Reading The Pictures is dedicated to the analysis of news photos and media images.
September 23, 2017

Disasters, Natural and U.N.-Natural: Our Weekly Roundup

People motion to others to be quiet as rescue workers are searching for survivors under the rubble of a collapsed building in Mexico City. REUTERS/Ginnette Riquelme

It feels like nothing makes sense anymore. That’s par for the course with Trump in charge, but nature has been going the same way. Trump’s hellfire and brimstone and his baiting of N. Korea didn’t play well at the annual meeting of the United Nation’s General Assembly; neither did his need for attention. Certainly, the photographers made him pay. The serious focus was directed toward Mexico after the country suffering a second consecutive, devastating earthquake. Any other time, the arm gestures in the photo above would stand for triumph or empowerment. Instead, they plead for quiet, as rescuers use sound equipment to search for children buried under a collapsed school in Mexico City. We also looked at: Hurricanes and the social toll (If you missed it, here’s my review of Harvey photography at CJR, and Marta Zarzycka’s post on eco disaster photos.); protests in St. Louis in response to another racial shooting and officer acquittal; the Emmy’s; the limits of photography and the opioid crisis; and progressive counter-protests. Hurricane season has no end in Washington, but it can’t come soon enough weather-wise.

(I should probably explain the Pete Souza photo, by the way, mocking Trump with the people on the motorcycle. It was in response to a comment Trump made to Macron at the U.N. fantasizing about having a U.S. military parade like the one France holds on Bastille Day.)

Did you see this in The Times this morning? I had such an intense reaction, I felt myself blocking my vocal chords. But it didn’t stop there. The impact of the command just kept growing in my head. Insensitive perhaps, my mind jumped to what, besides neighbors and relatives trapped underground, could be heard. ⠀ What came to me — and I imagine you hear them too — are the same questions occupying my silent moments these days: What’s wrong with our planet? Why all the massive disasters? Why so many back-to-back? What’s random and what’s self-inflicted? And can they bring us together instead of crushing us?⠀Strength to Mexico, the Caribbean, Florida, Texas and everyone suffering from nature beyond this hemisphere. (-Michael Shaw) Photo: Pedro Pardo/Agence France-Presse — Getty Images. via @nytimes Wednesday Briefing https://buff.ly/2xvTNEw. Caption: Rescuers requesting silence to listen for trapped earthquake survivors in Mexico City on Tuesday. More than 200 people were killed. @afpphoto @agencefrancepresse #Mexico #MexicoCity #earthquake #disaster #rescue #silence #silencio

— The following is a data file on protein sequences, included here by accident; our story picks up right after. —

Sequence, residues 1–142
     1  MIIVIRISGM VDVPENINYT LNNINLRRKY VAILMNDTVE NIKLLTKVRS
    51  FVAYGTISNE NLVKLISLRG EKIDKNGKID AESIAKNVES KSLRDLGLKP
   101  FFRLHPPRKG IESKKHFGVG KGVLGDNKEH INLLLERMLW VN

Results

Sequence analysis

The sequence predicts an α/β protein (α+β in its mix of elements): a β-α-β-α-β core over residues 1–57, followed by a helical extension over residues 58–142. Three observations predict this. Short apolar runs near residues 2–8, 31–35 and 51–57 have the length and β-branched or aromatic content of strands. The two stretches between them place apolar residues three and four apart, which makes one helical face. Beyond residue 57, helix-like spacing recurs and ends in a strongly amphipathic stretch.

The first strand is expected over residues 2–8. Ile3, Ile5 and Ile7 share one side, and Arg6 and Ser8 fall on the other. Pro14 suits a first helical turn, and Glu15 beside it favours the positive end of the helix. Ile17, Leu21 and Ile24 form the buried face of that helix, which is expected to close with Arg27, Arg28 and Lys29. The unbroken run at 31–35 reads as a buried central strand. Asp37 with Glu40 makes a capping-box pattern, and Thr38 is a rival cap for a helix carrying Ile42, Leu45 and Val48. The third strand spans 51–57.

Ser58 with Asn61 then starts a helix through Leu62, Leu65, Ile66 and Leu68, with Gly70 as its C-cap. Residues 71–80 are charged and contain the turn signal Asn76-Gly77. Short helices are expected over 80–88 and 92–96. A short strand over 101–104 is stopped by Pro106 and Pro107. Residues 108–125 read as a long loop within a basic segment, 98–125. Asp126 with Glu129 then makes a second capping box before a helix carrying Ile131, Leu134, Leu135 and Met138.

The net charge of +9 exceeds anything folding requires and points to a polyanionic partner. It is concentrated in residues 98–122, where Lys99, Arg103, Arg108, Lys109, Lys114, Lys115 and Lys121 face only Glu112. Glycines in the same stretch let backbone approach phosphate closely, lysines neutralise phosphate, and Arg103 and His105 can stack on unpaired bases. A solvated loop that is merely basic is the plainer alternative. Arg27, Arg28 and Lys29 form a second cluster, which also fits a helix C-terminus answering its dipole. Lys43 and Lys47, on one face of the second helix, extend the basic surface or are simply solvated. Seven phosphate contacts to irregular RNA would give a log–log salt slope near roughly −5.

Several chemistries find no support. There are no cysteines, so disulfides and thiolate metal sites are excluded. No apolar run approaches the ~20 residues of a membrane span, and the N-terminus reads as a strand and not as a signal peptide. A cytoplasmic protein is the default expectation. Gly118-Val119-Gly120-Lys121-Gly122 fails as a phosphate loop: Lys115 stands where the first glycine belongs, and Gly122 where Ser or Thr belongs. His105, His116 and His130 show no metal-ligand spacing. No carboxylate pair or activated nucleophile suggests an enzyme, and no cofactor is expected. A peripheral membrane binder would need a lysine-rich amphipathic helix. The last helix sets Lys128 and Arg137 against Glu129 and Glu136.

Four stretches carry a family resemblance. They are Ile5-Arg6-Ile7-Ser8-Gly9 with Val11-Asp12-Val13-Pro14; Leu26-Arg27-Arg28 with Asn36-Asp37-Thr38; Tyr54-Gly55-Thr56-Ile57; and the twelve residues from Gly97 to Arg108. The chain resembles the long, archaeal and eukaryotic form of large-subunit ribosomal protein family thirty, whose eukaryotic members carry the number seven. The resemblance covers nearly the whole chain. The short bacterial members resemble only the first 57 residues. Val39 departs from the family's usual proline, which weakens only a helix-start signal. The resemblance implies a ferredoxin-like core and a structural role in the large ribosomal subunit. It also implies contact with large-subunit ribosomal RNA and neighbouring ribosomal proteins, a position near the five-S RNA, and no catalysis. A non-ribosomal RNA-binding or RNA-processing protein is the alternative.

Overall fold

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I’ve been slowly collecting images for a Columbia Journalism Review post. It’s tentatively called “Protest Ballet.” No flippancy intended, the point is to think about how protest images are becoming ever more artful and kinetic. This shot, arising out of that concerning verdict in St. Louis, is a powerful example. It’s even more strange, among the other objects in the window, that this woman’s head seems lost in a book. I have one guideline for body language, dramatic action and the prop-like element: does it fortify the news story or does it siphon off energy and attention from it? In this case, with the woman a moving target and her head a weirdly obscured blur, I think it point-blank strengthens it. (Michael Shaw)⠀ ⠀ Reposting @nbcnews:⠀ …⠀ “Protests turned violent for a second night near #StLouis following the acquittal of a white former police officer in the fatal shooting of a black man, as a small group of demonstrators refused to disperse, breaking windows at dozens of businesses and throwing objects at police, who moved in with hundreds of officers in riot gear to make arrests.⠀ .⠀ The confrontation took place late Saturday night after a peaceful march earlier in the evening to protest a judge’s ruling Friday clearing ex-officer Jason Stockley of first-degree murder in the 2011 shooting of 24-year-old Anthony Lamar Smith. 📷⠀ @lbphotography1 / @reuters⠀ Scott Olson / @gettyimages⠀ Joshua Lott / @reuters⠀ Scott Olson / @gettyimages” #protest #race #verdict #police #pepperspray #BlackLivesMatter

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I wonder if Banksy’s latest has a larger message to it, tied as it is to a major new Basquiat exhibition in London. With totalitarian tendencies escalating around the globe, the interrogation is one more reflection on racism and the state. But it’s hard not to think there’s another point to the treatment of Basquiat’s “other-ized” figure. Is Banksy also warning how ripe the art world, and art itself, is for the shakedown? (-Michael Shaw)⠀ ⠀ Reposting @guardian:⠀ …⠀ “@Banksy has revealed two new murals at @Barbicancentre this weekend. Timed with the centre’s upcoming Jean-Michel Basquiat exhibition, Banksy said: “Major new Basquiat show opens at the Barbican – a place that is normally very keen to clean any graffiti from its walls.”⠀ Photos: David Mirzoeff” #Basquiat #art #politicalart #race #Barbican #Banksy #graffiti #politics #police #totalitarian #dwb #London @barbicancentre @banksy @banksy_news

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Photo: Ginnette Riquelme/Reuters. Caption: People motion to others to be quiet as rescue workers are searching for survivors under the rubble of a collapsed building in Mexico City.

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